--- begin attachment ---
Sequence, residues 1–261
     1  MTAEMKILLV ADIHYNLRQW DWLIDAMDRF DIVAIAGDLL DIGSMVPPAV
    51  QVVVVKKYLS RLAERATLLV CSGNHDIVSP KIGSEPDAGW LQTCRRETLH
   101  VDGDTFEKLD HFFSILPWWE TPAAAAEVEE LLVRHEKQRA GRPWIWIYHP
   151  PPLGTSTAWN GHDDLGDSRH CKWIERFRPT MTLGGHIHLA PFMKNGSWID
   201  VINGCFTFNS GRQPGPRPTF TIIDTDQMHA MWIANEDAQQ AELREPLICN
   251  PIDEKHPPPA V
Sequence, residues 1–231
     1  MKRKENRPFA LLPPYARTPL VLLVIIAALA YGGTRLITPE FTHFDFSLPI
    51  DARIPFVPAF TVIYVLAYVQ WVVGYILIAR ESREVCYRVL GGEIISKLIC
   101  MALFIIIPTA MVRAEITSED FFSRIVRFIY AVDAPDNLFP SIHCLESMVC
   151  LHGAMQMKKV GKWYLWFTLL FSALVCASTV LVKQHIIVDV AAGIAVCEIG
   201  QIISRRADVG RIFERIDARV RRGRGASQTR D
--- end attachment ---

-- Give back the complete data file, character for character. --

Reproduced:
Sequence, residues 1–261
     1  MTAEMKILLV ADIHYNLRQW DWLIDAMDRF DIVAIAGDLL DIGSMVPPAV
    51  QVVVVKKYLS RLAERATLLV CSGNHDIVSP KIGSEPDAGW LQTCRRETLH
   101  VDGDTFEKLD HFFSILPWWE TPAAAAEVEE LLVRHEKQRA GRPWIWIYHP
   151  PPLGTSTAWN GHDDLGDSRH CKWIERFRPT MTLGGHIHLA PFMKNGSWID
   201  VINGCFTFNS GRQPGPRPTF TIIDTDQMHA MWIANEDAQQ AELREPLICN
   251  PIDEKHPPPA V
Sequence, residues 1–231
     1  MKRKENRPFA LLPPYARTPL VLLVIIAALA YGGTRLITPE FTHFDFSLPI
    51  DARIPFVPAF TVIYVLAYVQ WVVGYILIAR ESREVCYRVL GGEIISKLIC
   101  MALFIIIPTA MVRAEITSED FFSRIVRFIY AVDAPDNLFP SIHCLESMVC
   151  LHGAMQMKKV GKWYLWFTLL FSALVCASTV LVKQHIIVDV AAGIAVCEIG
   201  QIISRRADVG RIFERIDARV RRGRGASQTR D